New York Governor Kathy Hochul on Saturday signed legislation protecting undocumented Caribbean and other immigrants from threats to report their immigration status.
The legislation, known as S.343-A/A.3412-A, classifies certain threats to report a person’s immigration status as extortion or coercion under New York law.
“Threats to report a person’s immigration status can currently be treated as a crime in cases of labor trafficking and sex trafficking, but were not previously treated as potential extortion or coercion offenses,” the governor said.
“New York is built on the hard work and determination of generations of immigrants, and we need to support people who are trying to build better lives for themselves and their families,” she added. “This legislation will protect New Yorkers from bad actors who use extortion or coercion due to their immigration status, and make our state safer against vile threats and intimidation.”
The measure allows prosecutors to prosecute efforts to blackmail an individual by threatening to cause deportation proceedings even when unrelated to labor or sex trafficking.
Similar measures have been enacted in California, Colorado, Maryland and Virginia.
Hochul said the new legislation is based on model legislation recommended by The Public Leadership Institute, titled “Prevent Extortion of Immigrants Act.”
Haitian American New York State Assemblymember Michaelle C. Solages, who tabled the bill in the State Assembly, said: “For an undocumented immigrant who fled danger in their home country, being reported to ICE (US Immigration and Customs Enforcement agency) can be a death sentence.
“Yet, sadly, far too many people are willing to take advantage of our more vulnerable neighbors by threatening to reveal their immigration status in order to exploit them in some way,” said Solages, who represents the 22nd Assembly District, encompassing the Nassau County, Long Island, New York neighborhoods of Valley Stream, North Valley Stream, Elmont, South Valley Stream, South Floral Park, Floral Park, the Village of Bellerose, Bellerose Terrace, North Woodmere, Stewart Manor and sections of Franklin Square.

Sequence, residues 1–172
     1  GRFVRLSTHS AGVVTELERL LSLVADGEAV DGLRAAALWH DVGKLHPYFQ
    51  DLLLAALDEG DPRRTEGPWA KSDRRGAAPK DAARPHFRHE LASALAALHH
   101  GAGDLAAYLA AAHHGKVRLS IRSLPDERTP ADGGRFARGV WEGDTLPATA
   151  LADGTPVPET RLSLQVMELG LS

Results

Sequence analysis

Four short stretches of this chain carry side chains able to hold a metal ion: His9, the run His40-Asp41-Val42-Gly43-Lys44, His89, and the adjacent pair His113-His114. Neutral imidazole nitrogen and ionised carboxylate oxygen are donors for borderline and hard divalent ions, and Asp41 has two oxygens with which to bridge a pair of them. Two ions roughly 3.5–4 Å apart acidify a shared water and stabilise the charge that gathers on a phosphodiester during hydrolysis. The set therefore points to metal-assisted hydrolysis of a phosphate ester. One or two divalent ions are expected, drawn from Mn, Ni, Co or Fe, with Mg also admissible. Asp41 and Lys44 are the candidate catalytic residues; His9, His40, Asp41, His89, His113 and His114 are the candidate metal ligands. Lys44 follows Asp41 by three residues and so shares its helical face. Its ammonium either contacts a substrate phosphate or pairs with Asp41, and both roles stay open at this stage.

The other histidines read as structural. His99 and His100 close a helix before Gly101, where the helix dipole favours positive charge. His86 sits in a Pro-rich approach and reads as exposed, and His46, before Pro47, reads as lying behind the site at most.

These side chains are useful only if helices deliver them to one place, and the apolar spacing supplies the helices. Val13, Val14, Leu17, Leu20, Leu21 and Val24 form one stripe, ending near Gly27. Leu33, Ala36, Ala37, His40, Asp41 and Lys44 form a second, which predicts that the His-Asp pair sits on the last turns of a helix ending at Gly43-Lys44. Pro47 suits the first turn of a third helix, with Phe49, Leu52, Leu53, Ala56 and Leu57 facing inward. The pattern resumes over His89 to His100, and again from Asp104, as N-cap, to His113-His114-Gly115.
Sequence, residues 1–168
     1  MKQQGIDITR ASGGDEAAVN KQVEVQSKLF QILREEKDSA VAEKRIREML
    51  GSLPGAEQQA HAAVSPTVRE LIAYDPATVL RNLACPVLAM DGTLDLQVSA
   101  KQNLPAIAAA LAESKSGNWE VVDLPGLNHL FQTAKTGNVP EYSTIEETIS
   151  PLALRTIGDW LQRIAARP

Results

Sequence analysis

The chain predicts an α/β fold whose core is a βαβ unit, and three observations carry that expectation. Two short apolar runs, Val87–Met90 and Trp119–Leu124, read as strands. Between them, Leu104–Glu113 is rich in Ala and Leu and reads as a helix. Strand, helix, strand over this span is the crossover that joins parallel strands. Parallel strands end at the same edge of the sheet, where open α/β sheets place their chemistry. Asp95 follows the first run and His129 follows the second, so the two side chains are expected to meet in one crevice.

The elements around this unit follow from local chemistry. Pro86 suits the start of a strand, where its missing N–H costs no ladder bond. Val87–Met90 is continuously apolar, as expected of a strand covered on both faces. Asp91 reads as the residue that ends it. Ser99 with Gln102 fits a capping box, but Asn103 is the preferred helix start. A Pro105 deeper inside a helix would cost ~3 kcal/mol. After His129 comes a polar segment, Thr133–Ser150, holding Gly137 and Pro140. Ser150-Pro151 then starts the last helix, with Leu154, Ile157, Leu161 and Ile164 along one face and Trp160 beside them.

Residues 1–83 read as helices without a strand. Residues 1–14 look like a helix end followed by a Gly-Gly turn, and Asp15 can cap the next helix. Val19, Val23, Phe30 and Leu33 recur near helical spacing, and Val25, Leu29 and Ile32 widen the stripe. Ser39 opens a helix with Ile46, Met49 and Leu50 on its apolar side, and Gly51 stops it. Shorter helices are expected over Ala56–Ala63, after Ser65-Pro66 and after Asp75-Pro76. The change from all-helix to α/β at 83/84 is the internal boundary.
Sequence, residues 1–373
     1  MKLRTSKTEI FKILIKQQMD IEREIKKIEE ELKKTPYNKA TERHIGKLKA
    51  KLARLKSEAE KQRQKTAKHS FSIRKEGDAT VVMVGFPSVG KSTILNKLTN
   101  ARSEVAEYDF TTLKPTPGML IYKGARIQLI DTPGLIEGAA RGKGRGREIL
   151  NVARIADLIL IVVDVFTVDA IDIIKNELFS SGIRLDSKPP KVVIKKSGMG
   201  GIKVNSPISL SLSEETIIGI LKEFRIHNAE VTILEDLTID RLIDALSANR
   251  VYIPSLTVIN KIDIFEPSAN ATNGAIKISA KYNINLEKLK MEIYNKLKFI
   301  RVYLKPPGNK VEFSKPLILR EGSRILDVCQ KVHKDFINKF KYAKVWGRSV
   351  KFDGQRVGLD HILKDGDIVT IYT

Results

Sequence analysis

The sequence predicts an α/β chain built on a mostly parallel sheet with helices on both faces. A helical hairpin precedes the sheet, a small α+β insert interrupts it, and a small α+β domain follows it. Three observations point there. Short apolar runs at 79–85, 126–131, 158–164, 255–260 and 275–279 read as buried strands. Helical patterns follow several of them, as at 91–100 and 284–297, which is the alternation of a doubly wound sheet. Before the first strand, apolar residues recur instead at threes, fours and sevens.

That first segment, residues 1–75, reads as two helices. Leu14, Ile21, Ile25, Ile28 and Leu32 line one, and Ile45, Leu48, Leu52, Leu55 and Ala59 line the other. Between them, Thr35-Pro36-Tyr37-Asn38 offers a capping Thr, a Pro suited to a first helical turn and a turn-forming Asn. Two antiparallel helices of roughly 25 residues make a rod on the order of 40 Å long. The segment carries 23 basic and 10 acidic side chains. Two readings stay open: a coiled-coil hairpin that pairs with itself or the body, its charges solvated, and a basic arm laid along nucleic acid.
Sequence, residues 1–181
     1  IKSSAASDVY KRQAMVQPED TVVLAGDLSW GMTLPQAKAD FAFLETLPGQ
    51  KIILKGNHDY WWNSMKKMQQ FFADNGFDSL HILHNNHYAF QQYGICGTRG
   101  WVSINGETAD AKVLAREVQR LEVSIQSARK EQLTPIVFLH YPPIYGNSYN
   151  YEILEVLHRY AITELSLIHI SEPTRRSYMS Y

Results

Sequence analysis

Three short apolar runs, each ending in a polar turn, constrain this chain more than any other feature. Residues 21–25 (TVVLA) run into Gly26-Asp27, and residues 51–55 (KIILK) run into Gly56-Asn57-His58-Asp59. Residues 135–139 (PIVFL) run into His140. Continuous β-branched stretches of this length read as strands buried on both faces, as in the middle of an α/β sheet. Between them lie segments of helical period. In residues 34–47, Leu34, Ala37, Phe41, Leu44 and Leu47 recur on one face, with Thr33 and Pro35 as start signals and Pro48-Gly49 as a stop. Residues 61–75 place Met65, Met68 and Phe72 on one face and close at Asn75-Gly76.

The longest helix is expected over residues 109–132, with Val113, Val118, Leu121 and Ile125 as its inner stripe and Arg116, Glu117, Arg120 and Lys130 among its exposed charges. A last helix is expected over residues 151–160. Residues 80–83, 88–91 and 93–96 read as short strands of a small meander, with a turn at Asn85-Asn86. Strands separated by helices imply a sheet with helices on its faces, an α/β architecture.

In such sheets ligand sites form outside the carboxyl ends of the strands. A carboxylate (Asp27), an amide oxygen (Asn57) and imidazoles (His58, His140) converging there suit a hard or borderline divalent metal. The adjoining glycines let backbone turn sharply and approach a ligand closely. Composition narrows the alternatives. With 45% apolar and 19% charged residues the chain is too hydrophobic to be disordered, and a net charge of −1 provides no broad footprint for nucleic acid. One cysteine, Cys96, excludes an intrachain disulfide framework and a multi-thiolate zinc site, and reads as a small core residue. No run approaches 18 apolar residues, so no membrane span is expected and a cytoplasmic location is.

“By enacting this long-overdue measure, we’re updating the laws on extortion and coercion to ensure that immigrant New Yorkers aren’t left vulnerable to such vile threats,” continued Solages, the first person of Haitian descent to be elected to the New York State Legislature. She currently serves as the Assembly Deputy Majority Leader, as well as chair of the New York State Black, Puerto Rican, Hispanic and Asian Legislative Caucus.
New York State Senator Anna M. Kaplan, a former child refugee, who introduced the bill in the Senate, said she was “extremely grateful for Assemblymember Solages and her partnership in addressing this issue, and for Governor Hochul for ensuring that our communities are safe and protected.
“This legislation breaks new ground in New York’s ongoing efforts to protect undocumented immigrants, who can be some of our state’s most vulnerable residents,” said Kaplan, representative for the 7th Senate District, including the Northwest portion of Nassau County.
“I thank Governor Hochul for signing this critical reform—which will protect undocumented New Yorkers from extortion and coercion—into law,” she added. “Arbitrary threats of deportation are extremely harmful to New Yorkers trying to feed their families and give their children a better life, and we stand with them today and always.”